California-based Kilopass’ patent infringement claims against Sidense were overturned in August. This week, Sidense announced that a judge also dismissed Kilopass’ claims for false advertising, intentional interference with prospective economic advantage and unfair competition, with prejudice.
“Now we can focus on strategy, moving forward, growth and all of the things that come with growing the company,” Mr. Wania said in an OBJ interview, but added that customers, employees and suppliers have been patient through the legal proceedings.
While Sidense said the ruling terminates the Kilopass case and stated that it means “victory is complete,” the Ottawa company plans to seek legal expenses from Kilopass. While Mr. Wania said he couldn’t disclose the exact amount of those expenses, he added it is in the millions of dollars.
The memory chip maker has an estimated 15 per cent to 20 per cent increase in revenues in this fiscal year compared to last year. The numbers are preliminary as the fiscal year ended Friday, Mr. Wania said.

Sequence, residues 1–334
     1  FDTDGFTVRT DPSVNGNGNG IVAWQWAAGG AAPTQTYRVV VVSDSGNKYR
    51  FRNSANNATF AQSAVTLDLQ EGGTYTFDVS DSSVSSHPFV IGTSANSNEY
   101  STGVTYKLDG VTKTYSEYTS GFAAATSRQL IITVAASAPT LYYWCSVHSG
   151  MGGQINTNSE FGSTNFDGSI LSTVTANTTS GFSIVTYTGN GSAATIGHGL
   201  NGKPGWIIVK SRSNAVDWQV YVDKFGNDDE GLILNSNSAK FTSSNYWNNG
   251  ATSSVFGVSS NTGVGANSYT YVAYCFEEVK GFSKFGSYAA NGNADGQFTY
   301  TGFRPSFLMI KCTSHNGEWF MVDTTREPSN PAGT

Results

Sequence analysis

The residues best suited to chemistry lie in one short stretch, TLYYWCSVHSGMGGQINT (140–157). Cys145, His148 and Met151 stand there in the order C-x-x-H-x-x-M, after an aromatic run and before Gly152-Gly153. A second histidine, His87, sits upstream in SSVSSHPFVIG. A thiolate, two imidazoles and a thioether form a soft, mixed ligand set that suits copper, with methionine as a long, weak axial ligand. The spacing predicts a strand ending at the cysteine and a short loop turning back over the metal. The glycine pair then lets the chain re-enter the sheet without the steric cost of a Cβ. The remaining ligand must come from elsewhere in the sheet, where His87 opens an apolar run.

Employee numbers are holding steady at just under 40 people in Ottawa, plus sales people scattered overseas and in the United States.
Kilopass made its initial claim in the United States District Court for the Northern District of California concerning the patents two years ago. The patents have to do with embedded memory technology.
The case evolved over time, but Mr. Wania said at its peak, Kilopass alleged three patent infringements and four business torts against Sidense.
Kilopass still has the option of appealing its case. Mr. Wania said he had heard Kilopass was strongly considering appealing the patents, but had not heard anything further since the case was dismissed in August. He was unsure if Kilopass would appeal the torts as well.
Sidense was named an OBJ Startup to Watch in 2007 and has received several rounds of venture funding in the years following. Most recently, in 2011, it raised $5.6 million.